That is essentially correct, but it also depends on how the dealer is handling the situation. I know that this doesn't really help you now, but if I were the dealer, then I would come to meet you with a compensation deal and transfer the 100 $ charged so far for a complete rebuild. For the retailer, this would certainly pay off in the long term and in the end you wouldn't have the feeling of just being ripped off. 💵
The two year warranty only applies to Specialized branded items, the frame, the rims, the battery and the motor. However spokes are DT Swiss and also carry a separate two year warranty. Gotta read that fine print!
We are not talking about a possible material defect, but about a manufacturing defect clearly caused by the manufacturer, which has been known for more than five years now. The annoying thing about this is the fact that the bikes are anything but cheap and still don't have the quality that the consumer expects. The bicycles in question are therefore the result of poor quality management, so it doesn't help if good components, such as those from DT Swiss, are installed.

Sometimes I ask myself, how can it be that the Wright brothers have managed to build (in the year 1892) bicycles of unique quality in their workshop while the industry in the 21st century seems to be failing all the time, despite automation and more advanced technology ⁉️
 
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Brendon@TBSM

Well-Known Member
That is essentially correct, but it also depends on how the dealer is handling the situation. I know that this doesn't really help you now, but if I were the dealer, then I would come to meet you with a compensation deal and transfer the 100 $ charged so far for a complete rebuild. For the retailer, this would certainly pay off in the long term and in the end you wouldn't have the feeling of just being ripped off. 💵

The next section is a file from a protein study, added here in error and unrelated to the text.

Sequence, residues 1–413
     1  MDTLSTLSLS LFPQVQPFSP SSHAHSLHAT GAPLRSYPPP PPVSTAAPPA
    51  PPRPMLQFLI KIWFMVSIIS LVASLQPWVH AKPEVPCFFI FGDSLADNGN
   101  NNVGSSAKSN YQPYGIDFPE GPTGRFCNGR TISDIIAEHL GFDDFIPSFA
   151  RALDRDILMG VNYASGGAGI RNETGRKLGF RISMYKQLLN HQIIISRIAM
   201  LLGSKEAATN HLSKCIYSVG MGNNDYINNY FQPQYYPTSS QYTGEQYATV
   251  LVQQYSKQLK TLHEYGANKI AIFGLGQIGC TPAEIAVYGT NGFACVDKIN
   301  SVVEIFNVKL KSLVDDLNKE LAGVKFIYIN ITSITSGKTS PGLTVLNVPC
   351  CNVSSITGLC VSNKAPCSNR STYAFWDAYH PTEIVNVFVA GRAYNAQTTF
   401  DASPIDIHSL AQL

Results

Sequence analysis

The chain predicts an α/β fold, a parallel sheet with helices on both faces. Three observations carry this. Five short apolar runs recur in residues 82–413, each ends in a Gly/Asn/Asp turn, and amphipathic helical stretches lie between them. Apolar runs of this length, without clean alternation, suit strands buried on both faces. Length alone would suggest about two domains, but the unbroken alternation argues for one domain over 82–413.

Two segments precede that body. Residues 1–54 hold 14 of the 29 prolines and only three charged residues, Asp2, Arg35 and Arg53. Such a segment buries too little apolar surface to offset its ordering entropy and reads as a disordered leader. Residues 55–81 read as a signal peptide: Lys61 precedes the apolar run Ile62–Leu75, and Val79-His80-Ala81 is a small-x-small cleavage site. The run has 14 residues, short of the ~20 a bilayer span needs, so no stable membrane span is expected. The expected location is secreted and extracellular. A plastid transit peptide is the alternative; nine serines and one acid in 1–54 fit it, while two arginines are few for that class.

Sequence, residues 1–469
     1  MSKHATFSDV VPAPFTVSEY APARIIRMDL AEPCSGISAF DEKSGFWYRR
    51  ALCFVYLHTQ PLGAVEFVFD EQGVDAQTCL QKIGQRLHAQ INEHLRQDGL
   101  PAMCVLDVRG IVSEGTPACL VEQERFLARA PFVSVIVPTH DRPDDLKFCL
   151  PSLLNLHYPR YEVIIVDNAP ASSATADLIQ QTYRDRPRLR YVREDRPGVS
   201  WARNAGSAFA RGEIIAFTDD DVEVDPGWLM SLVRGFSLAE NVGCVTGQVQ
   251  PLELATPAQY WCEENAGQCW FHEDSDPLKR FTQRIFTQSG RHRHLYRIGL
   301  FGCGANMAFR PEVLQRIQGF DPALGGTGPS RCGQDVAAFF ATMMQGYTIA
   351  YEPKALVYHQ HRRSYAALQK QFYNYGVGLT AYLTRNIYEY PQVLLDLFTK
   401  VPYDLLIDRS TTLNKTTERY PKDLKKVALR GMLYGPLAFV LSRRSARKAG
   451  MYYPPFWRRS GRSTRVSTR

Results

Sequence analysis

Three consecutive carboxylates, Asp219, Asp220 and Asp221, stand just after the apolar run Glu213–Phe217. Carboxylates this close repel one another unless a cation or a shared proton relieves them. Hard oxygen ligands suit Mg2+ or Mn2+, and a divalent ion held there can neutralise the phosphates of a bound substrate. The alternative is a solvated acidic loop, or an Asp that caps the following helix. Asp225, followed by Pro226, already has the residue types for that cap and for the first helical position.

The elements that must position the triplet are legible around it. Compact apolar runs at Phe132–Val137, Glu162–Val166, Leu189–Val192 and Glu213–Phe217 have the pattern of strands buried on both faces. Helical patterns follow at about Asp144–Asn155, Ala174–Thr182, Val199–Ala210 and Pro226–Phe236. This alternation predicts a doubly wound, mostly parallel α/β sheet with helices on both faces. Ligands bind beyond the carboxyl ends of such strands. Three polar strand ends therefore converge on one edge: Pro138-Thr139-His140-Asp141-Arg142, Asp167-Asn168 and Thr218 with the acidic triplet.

We are not talking about a possible material defect, but about a manufacturing defect clearly caused by the manufacturer, which has been known for more than five years now. The annoying thing about this is the fact that the bikes are anything but cheap and still don't have the quality that the consumer expects. The bicycles in question are therefore the result of poor quality management, so it doesn't help if good components, such as those from DT Swiss, are installed.

Sometimes I ask myself, how can it be that the Wright brothers have managed to build (in the year 1892) bicycles of unique quality in their workshop while the industry in the 21st century seems to be failing all the time, despite automation and more advanced technology ⁉️

Sorry for the busted spokes! As previously stated, once one spoke goes it's wheel build time. No manufacture will reimburse a shop to build a wheel or replace a spoke because there are just too many variables which can contribute to breaking spokes, frustrating I know. We will take care of our clients as a service we offer, but that's just our shop and is a shop by shop case.

I'd look at it as a time for a sweet upgrade! I'm a huge fan of DT Swiss and Velocity, they make some great rims and offer awesome custom colors you can get the rims in, here's my Vado for reference! I hear you on not wanting to spend the money on something that seems like a manufacture defect, but wheels, especially on e bikes, are subject to so many different forces that it's nearly impossible to say it's a manufacture defect. Keep in mind I'm not defending anything, just saying that it's pretty hard to say there's one smoking gun. I've had wheels I've build pop spokes after hitting a particular bump/hole at the wrong angle or maybe my panniers had stuff in them. It's nothing to focus on and look at it from a point of, now you get to justify getting something super cool and personalize your bike!
 

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NightRider1

Member
Region
Europe
I hear you on not wanting to spend the money on something that seems like a manufacture defect, but wheels, especially on e bikes, are subject to so many different forces that it's nearly impossible to say it's a manufacture defect.